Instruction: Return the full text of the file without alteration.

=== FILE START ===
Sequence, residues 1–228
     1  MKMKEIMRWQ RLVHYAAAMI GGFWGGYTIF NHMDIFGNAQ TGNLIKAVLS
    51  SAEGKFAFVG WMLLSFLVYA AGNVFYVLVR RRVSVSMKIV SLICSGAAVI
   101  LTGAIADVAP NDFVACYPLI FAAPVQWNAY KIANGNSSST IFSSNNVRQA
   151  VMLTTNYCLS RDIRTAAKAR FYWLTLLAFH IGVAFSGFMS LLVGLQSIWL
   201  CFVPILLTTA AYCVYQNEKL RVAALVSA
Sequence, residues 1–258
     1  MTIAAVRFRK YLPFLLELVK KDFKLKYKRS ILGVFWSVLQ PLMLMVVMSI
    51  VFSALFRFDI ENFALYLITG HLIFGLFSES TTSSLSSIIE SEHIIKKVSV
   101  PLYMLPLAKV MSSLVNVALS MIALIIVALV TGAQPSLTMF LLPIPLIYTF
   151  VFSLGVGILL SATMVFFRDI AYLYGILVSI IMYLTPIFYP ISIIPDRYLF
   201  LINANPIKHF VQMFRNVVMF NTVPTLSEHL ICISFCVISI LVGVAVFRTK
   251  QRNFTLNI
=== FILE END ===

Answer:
Sequence, residues 1–228
     1  MKMKEIMRWQ RLVHYAAAMI GGFWGGYTIF NHMDIFGNAQ TGNLIKAVLS
    51  SAEGKFAFVG WMLLSFLVYA AGNVFYVLVR RRVSVSMKIV SLICSGAAVI
   101  LTGAIADVAP NDFVACYPLI FAAPVQWNAY KIANGNSSST IFSSNNVRQA
   151  VMLTTNYCLS RDIRTAAKAR FYWLTLLAFH IGVAFSGFMS LLVGLQSIWL
   201  CFVPILLTTA AYCVYQNEKL RVAALVSA
Sequence, residues 1–258
     1  MTIAAVRFRK YLPFLLELVK KDFKLKYKRS ILGVFWSVLQ PLMLMVVMSI
    51  VFSALFRFDI ENFALYLITG HLIFGLFSES TTSSLSSIIE SEHIIKKVSV
   101  PLYMLPLAKV MSSLVNVALS MIALIIVALV TGAQPSLTMF LLPIPLIYTF
   151  VFSLGVGILL SATMVFFRDI AYLYGILVSI IMYLTPIFYP ISIIPDRYLF
   201  LINANPIKHF VQMFRNVVMF NTVPTLSEHL ICISFCVISI LVGVAVFRTK
   251  QRNFTLNI